Oil paint dries faster in a warm environment. The temperature in the room where your painting is drying should be at least 70 degrees Fahrenheit (21 degrees Celsius), but the warmer the better. A humidifier may be used to keep the air moist while reducing dust mites and insects that may otherwise cause irritation for those with asthma or other respiratory diseases.
As long as you don't let the temperature get below 50 degrees Fahrenheit (10 degrees Celsius) or above 120 degrees Fahrenheit (50 degrees Celsius), your oil paint will remain stable. However, if it gets too hot, it's possible that some chemical reactions might happen that would cause colors to run or layers to separate.
If you're using an electric heat lamp, make sure to select one that is designed specifically for paintings. These lamps are usually made of glass with metal fins attached and should be located in a position where they can reach all areas of your painting. They should be turned on for about 20 minutes per day during the time your oil paint is still wet.
Sunlight is very harmful to oil paints, especially when it comes into contact with their thin surfaces. The sun's rays break down the molecules that make up the paint film, causing it to lose its luster and possibly crack.
The optimal temperature for applying oil-based paint is between 40 and 90 degrees Fahrenheit. It ranges from 50 to 85 degrees for latex-based paints. Is it okay to paint outside if it's going to rain? In terms of humidity, the best drying will take place between 40 and 70 percent humidity. If you can adjust your heat source according to the desired temperature range, that will improve your chances of success.
If you plan to use a sprayer, choose a painting day with less than 50% cloud cover since aerosol cans need ventilation to work properly. You also need an unobstructed view of the sky so you can rinse the can after each color application.
Painting outside is easier said than done because weather can be unpredictable. If it's going to be hot out, you'll want to make sure you have a way to cool down quickly if needed. Also remember that hotter temperatures mean faster dry times for oil based paints.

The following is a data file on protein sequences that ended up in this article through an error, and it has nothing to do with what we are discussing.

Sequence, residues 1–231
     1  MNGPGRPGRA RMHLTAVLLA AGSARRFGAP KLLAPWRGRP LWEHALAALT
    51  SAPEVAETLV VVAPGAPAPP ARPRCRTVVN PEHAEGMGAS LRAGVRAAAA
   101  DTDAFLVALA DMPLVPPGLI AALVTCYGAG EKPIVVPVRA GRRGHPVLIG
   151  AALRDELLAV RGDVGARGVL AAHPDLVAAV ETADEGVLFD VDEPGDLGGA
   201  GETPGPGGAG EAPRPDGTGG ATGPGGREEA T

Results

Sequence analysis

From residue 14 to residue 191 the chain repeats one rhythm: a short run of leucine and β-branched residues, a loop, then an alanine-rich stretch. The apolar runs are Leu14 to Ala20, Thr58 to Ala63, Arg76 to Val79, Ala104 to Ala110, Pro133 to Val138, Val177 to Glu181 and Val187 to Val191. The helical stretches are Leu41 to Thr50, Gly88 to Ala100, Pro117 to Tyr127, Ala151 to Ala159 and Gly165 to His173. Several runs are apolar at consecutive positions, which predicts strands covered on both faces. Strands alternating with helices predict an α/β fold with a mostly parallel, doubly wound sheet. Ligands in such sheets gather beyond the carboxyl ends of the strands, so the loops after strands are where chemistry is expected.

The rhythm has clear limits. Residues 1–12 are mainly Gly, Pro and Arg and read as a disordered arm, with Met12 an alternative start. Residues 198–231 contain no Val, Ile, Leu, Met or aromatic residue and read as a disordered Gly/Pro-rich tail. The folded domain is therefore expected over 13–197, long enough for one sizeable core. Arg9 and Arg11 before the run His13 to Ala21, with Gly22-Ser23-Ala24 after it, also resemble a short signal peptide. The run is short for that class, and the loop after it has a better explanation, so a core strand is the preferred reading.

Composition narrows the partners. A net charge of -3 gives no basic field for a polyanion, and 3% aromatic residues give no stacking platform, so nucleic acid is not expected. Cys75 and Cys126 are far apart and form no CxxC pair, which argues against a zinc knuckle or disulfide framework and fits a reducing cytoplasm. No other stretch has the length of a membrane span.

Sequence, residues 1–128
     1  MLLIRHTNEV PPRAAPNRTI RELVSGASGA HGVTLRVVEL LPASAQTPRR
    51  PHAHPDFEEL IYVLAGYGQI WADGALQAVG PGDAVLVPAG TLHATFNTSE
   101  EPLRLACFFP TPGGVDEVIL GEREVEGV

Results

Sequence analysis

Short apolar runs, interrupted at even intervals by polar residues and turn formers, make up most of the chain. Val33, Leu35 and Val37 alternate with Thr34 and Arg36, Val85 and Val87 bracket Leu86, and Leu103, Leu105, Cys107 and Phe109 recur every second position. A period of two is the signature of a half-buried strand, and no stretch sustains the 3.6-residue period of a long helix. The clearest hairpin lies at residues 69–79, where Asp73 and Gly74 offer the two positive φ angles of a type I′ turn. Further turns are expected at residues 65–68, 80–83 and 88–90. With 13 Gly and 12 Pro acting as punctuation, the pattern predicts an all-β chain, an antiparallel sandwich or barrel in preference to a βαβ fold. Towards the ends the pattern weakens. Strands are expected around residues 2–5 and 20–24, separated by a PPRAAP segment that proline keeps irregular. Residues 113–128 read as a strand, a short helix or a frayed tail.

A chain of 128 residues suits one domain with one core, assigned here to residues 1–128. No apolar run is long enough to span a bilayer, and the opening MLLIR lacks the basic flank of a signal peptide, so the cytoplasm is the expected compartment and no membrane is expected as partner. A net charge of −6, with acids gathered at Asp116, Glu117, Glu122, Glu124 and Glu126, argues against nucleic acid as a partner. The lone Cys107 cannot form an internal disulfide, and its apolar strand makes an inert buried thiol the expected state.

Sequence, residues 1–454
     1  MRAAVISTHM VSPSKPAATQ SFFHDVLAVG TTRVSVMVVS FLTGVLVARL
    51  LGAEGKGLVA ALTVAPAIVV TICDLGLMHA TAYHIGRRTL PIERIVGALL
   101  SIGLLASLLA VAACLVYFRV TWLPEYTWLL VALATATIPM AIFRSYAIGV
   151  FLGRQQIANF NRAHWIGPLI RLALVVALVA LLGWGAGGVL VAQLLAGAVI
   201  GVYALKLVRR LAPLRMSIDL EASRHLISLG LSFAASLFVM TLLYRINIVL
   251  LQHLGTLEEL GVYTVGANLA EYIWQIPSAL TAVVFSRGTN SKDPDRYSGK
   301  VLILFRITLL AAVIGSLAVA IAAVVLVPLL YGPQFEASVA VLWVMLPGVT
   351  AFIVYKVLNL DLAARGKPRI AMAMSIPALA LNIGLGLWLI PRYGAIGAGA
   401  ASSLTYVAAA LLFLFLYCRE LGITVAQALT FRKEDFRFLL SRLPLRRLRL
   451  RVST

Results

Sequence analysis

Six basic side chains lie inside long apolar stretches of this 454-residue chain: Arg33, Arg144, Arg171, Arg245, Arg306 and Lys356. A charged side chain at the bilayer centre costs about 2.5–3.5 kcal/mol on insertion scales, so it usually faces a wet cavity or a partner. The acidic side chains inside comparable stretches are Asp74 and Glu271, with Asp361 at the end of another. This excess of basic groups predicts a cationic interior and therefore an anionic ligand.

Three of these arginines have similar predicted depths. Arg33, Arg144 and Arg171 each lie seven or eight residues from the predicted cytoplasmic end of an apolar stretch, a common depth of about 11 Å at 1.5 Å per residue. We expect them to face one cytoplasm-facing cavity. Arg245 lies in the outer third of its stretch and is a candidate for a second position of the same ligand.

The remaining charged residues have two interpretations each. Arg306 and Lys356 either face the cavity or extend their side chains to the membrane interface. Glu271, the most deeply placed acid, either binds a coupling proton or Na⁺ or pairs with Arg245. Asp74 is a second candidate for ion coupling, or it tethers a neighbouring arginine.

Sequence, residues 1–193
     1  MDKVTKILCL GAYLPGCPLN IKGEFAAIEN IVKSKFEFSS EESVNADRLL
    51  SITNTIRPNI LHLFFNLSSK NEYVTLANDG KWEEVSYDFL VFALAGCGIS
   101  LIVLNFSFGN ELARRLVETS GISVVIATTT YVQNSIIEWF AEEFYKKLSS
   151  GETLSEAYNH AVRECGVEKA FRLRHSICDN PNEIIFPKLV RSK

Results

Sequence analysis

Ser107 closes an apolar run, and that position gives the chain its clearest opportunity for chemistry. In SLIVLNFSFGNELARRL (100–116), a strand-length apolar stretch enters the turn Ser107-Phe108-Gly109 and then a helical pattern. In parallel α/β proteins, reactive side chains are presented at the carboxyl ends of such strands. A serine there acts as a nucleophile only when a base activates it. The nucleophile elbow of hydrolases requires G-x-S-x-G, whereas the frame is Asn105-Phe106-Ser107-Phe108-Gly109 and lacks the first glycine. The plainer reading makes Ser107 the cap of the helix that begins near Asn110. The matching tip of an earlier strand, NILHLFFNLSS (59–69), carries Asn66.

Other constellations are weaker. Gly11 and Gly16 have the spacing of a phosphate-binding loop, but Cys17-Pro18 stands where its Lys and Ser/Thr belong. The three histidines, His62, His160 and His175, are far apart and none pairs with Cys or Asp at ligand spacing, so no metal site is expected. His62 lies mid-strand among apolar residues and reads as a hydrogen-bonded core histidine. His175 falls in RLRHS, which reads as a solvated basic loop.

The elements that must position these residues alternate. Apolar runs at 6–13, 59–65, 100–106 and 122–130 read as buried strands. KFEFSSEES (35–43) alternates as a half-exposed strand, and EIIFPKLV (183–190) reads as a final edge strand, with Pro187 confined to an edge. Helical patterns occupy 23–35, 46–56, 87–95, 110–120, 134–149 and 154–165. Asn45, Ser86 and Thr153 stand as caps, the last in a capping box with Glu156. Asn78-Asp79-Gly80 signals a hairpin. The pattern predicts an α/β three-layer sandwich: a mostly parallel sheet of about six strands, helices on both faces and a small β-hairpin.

There are many options available today for heating and cooling spaces quickly and efficiently. For example, if it's 100 degrees outside and you know you're only going to be away from home for an hour or two, then using an electric blanket is more efficient than opening up all the windows and letting in cold air. But if you have to evacuate immediately because of fire alarms, then you'll need something more portable that doesn't require any electrical power.
The sun hinders the paint from curing evenly. Certain paints, particularly latex, dry faster than others. More time between applications is required when painting in hot, sunny conditions. Even if the air temperature is optimum, direct sunshine raises the warmth of outside surfaces by 10 to 20 degrees. This accelerates the drying process and requires more frequent repainting.
Paint manufacturers design their products to be tolerant to a certain degree of moisture absorption during storage and use. Moisture affects the color-producing ingredients in the paint and can also cause corrosion if it is water based or oil based. Most paints will remain effective for several months after they are opened, but you should check the label on each bottle to make sure.
Paints differ in their reactions to heat and sunlight. Heat causes many materials to break down or change state, which can release toxic substances into the air. Sunlight does the same thing to most plastics, causing them to crack and peel. Painting exterior surfaces will always leave some sort of mark on your home, whether it's because of rust or moth damage. These marks should be repaired before you paint again to avoid problems with the finish.
The best way to keep out dust while allowing air flow is with a quality vent screen.
Heat exposure may drastically accelerate the drying process of your painting. The faster it dries, the higher the heat. Cooler air, on the other hand, will slow down the drying process (see my article on storing unused oil paint in the freezer).
Oil paints are naturally thin liquids. When they're dry, they're no longer fluid and cannot be re-wetted. That's why when you paint onto a dry surface, the first thing that usually happens is that some of the thinner bits of paint might run or be brushed off. However, if you want the whole thing to be completely dry before you move on to the next stage, you'll need to speed up the drying time.
The two main things that can make oil paintings heat-sensitive are temperature and exposure to light. Heat speeds up the drying process and increases the risk of damage to the paint layer. Light-sensitive oils should never be exposed directly to sunlight; instead, use an opaque cover when displaying your work. These precautions will keep your treasures safe for many years to come.